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27 Kisses

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Before and After: It Started with a Kiss

She was so lost in thought watching the blips and dashes rising and falling in a syncopated cadence, that she nearly missed the chirp of her comm badge. It was the voice – his voice – that finally distracted her attention from the warp core variance that had been occupying her time for the entire shift.

“Hey,” he said, a single syllable infused with warmth, any annoyance he might feel mitigated by affection. B’Elanna let out a small gasp as she remembered exactly what his hail was about. Tom had reminded her at least a dozen times over the last three days about Jenny Delaney’s birthday party tonight.

“I’m on my way,” she said guiltily.

“Uh huh,” Tom said.

Really.” B’Elanna moved her hand to power down the console, but then another variance caught her eye. The blip was still there, but just barely there but it had been joined by another seemingly inconsequential glitch. All systems seemed to be working well within parameters. Resolving the issue could wait, couldn’t it?

She pressed her lips into a straight line as she contemplated the question. A few months ago, she would have stayed up all night until she discovered the source of the variation, but now she was thinking twice about whether to go or stay. Perhaps one way to split the difference would be to join Tom on the holodeck for a drink or two, wish Jenny a happy birthday and then come back to Engineering to take another look at the issue. But she also knew that a couple of cocktails – which were decidedly not synthehol – would certainly not make it easier for to spot what ailed the warp core. B’Elanna was still considering her options when Joe Carey placed his hand on her shoulder.

“I’ve got this,” he said, indicating the data in front of her. “You went off duty about two hours ago.”

“When did you start keeping track of my schedule?” she said, staring at him. It was rare for Joe to be so pointed in his remarks. Then her eyes widened in realization. “Tom called you, didn’t he?”

Joe’s expression was sphinxlike, and instead he jerked his thumb towards the doors to Engineering. “It’s a quiet evening, not a lot going on. Take the opportunity to relax while you can. And I’ll keep you informed on status.” And then he repeated, more firmly, “Go, I’ve got this.”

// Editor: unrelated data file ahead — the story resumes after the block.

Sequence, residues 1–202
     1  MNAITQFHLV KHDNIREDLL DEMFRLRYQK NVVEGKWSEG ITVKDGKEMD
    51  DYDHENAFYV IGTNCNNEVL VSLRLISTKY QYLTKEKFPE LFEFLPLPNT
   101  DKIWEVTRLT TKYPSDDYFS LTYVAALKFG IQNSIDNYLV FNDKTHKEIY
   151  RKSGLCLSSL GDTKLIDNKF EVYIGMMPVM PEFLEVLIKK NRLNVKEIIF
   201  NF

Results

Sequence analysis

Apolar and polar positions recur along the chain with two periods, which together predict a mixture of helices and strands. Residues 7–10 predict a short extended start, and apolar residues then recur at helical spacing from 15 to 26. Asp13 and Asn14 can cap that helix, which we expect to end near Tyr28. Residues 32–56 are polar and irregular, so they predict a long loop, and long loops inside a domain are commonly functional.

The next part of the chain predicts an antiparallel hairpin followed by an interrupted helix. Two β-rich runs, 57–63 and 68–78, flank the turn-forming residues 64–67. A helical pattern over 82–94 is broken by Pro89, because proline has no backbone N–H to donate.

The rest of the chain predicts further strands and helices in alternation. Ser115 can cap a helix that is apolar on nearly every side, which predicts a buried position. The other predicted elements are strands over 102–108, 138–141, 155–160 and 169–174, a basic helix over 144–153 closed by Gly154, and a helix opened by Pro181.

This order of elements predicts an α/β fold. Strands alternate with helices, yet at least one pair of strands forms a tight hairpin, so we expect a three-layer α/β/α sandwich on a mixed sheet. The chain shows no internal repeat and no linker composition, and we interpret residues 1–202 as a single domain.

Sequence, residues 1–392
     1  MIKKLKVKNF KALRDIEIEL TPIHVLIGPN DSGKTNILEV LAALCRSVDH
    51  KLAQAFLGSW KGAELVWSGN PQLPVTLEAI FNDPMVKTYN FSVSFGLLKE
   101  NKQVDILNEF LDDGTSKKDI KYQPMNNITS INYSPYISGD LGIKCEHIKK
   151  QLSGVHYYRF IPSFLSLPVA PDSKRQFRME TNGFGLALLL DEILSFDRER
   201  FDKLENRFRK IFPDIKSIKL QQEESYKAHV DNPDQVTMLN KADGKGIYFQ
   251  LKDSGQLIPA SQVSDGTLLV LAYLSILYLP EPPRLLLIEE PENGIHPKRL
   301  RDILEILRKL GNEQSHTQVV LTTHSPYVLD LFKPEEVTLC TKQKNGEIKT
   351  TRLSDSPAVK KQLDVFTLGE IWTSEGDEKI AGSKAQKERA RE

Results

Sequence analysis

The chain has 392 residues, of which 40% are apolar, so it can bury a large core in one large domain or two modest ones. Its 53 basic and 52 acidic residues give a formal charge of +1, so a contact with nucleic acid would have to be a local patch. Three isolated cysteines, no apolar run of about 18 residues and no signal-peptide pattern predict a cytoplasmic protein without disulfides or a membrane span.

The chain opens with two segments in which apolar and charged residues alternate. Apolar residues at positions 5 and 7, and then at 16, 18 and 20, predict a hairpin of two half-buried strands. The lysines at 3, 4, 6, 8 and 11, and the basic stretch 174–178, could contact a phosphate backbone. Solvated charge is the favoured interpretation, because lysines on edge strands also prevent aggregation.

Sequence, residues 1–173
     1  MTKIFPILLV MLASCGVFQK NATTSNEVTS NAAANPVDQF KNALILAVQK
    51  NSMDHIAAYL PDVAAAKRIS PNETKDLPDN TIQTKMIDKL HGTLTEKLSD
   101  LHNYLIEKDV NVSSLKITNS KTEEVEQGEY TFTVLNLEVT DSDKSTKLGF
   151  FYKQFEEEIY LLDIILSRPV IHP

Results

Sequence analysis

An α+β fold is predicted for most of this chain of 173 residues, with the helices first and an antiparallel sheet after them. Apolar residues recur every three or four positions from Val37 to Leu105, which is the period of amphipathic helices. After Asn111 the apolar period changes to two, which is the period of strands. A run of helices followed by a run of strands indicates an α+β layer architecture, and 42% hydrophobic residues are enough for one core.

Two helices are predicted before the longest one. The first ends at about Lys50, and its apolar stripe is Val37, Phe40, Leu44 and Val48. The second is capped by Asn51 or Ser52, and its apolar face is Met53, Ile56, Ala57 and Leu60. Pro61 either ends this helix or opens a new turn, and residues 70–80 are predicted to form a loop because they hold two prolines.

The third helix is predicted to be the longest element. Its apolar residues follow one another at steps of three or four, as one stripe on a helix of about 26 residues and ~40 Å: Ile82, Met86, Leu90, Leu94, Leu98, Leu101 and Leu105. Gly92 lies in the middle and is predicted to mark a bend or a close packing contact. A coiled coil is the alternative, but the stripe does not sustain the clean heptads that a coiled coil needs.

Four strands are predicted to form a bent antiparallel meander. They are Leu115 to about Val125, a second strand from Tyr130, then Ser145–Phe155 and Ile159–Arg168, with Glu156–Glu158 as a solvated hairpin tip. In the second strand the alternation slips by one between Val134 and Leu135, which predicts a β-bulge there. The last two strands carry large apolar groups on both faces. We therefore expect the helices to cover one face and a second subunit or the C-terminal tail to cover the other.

B’Elanna hesitated but then nodded. She and Joe were not friends, per se, but they had grown together over the past three years into an easy enough camaraderie and she did respect his skills as an engineer. Plus, now that she had other demands on her time, maybe she could learn to delegate more. She flashed him a quick smile. “Thanks.”

She made her way quickly through Voyager’s serpentine corridors. When she first came aboard Voyager, she had constantly consulted various schematics to figure out how to get from one point to another. Now, she knew every inch of the ship by heart; she was sure there wasn’t a centimeter of it that she hadn’t gone over at one time or another.

It was hard to believe that in just over two short years, she considered this ship – a Starfleet ship! – to be home. It wasn’t just that she had a bed to call her own, but that she also had someone to share it with – something she hadn’t ever considered in years. She wished she could pinpoint that moment when she started to look at Tom Paris differently, to consider him more than an annoyance, more than a friend, but rather the first person in just about forever that she wanted to share everything with. Even after four months of dating, it was a strange sensation, knowing someone wanted her as much as she wanted him.

She sped up as she saw the doors to Holodeck Two in front of her. The doors slid open and she burst into the resort program. The sunlight cast a warm light across the adobe walls, and she saw Tom standing with Kes and Ensign Kozlowski on the patio. Tom beamed at her, the curve of his smile reaching the edges of his eyes.

“Tom, I’m sorry I’m late,” she said breathlessly, turning her face up to his, reveling in the feel of his lips against hers. He snaked his left arm around her, his hand resting on the small of her back while his right arm found a home on her right hip. She curled her fingers around his forearm, loving the strength she found there.  He pulled her closer, his arm resting possessively across her shoulders, as if unwilling to break off physical contact.

“You must be B’Elanna,” Kes said.

B’Elanna exchanged a look with Tom at Kes’ odd greeting. There was no drink in Kes’ hand.

“Well, the last time I checked…” B’Elanna said light-heartedly.

Tom, however, took the more direct route. “Is something wrong?”

“Actually, there is something wrong,” Kes said.

And then there was a flash of light. B’Elanna blinked in bewilderment. Kes was gone. Before she could ask Tom what happened, the klaxons blared, a sure sign – even without Janeway’s “Red alert, all hands to battle stations!” – that the gathering on the holodeck was over.